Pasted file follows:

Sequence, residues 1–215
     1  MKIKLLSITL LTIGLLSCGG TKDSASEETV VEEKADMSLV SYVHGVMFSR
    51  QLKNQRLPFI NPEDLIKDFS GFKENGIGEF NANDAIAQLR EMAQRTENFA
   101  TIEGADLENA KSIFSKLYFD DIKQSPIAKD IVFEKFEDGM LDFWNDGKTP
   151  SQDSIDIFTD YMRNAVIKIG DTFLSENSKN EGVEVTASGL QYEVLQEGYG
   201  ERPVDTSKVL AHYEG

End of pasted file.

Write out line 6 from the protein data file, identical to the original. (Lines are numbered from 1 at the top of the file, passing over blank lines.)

   201  ERPVDTSKVL AHYEG